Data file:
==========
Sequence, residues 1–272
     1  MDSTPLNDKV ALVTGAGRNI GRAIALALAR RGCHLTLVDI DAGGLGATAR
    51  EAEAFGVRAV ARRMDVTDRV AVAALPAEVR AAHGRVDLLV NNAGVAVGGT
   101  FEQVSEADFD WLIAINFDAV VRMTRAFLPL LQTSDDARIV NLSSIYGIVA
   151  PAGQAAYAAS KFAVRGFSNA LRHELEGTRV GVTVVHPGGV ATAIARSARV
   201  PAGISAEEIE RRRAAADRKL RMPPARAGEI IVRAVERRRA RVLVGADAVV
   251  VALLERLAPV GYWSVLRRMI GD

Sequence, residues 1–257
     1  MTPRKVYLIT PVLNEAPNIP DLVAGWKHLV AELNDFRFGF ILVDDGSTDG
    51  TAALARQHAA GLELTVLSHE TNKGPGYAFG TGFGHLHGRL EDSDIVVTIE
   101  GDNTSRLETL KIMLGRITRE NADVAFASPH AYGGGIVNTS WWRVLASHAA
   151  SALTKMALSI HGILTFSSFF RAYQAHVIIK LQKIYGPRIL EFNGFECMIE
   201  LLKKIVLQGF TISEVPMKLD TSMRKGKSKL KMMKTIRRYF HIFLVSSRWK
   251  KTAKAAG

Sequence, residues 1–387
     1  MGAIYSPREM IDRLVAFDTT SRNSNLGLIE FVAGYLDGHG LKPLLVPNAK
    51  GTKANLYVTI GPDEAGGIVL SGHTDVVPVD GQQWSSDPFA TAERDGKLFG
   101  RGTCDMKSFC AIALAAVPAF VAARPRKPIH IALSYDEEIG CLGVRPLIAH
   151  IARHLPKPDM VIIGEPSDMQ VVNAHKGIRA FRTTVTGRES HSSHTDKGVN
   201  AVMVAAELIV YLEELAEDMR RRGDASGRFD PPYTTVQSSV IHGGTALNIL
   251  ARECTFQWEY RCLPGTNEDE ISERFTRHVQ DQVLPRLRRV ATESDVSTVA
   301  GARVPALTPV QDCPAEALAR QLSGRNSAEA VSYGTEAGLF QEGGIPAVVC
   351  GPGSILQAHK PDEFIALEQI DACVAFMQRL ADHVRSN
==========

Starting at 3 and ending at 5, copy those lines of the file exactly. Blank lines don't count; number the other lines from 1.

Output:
    51  EAEAFGVRAV ARRMDVTDRV AVAALPAEVR AAHGRVDLLV NNAGVAVGGT
   101  FEQVSEADFD WLIAINFDAV VRMTRAFLPL LQTSDDARIV NLSSIYGIVA
   151  PAGQAAYAAS KFAVRGFSNA LRHELEGTRV GVTVVHPGGV ATAIARSARV